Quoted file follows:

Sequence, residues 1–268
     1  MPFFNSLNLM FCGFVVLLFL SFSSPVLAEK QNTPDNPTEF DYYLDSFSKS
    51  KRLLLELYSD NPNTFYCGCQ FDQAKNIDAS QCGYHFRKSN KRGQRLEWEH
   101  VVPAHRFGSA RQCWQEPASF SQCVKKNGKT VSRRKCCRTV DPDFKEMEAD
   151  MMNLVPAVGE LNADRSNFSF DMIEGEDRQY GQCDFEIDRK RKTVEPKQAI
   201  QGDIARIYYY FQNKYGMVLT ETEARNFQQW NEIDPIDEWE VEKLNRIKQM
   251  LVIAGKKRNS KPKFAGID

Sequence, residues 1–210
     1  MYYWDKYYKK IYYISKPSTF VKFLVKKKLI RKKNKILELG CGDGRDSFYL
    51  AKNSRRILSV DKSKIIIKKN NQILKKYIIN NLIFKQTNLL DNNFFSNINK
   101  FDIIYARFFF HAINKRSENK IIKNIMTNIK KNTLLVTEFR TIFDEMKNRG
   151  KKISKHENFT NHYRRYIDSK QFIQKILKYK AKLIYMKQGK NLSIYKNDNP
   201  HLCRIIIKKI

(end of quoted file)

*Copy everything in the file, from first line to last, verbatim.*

Sequence, residues 1–268
     1  MPFFNSLNLM FCGFVVLLFL SFSSPVLAEK QNTPDNPTEF DYYLDSFSKS
    51  KRLLLELYSD NPNTFYCGCQ FDQAKNIDAS QCGYHFRKSN KRGQRLEWEH
   101  VVPAHRFGSA RQCWQEPASF SQCVKKNGKT VSRRKCCRTV DPDFKEMEAD
   151  MMNLVPAVGE LNADRSNFSF DMIEGEDRQY GQCDFEIDRK RKTVEPKQAI
   201  QGDIARIYYY FQNKYGMVLT ETEARNFQQW NEIDPIDEWE VEKLNRIKQM
   251  LVIAGKKRNS KPKFAGID

Sequence, residues 1–210
     1  MYYWDKYYKK IYYISKPSTF VKFLVKKKLI RKKNKILELG CGDGRDSFYL
    51  AKNSRRILSV DKSKIIIKKN NQILKKYIIN NLIFKQTNLL DNNFFSNINK
   101  FDIIYARFFF HAINKRSENK IIKNIMTNIK KNTLLVTEFR TIFDEMKNRG
   151  KKISKHENFT NHYRRYIDSK QFIQKILKYK AKLIYMKQGK NLSIYKNDNP
   201  HLCRIIIKKI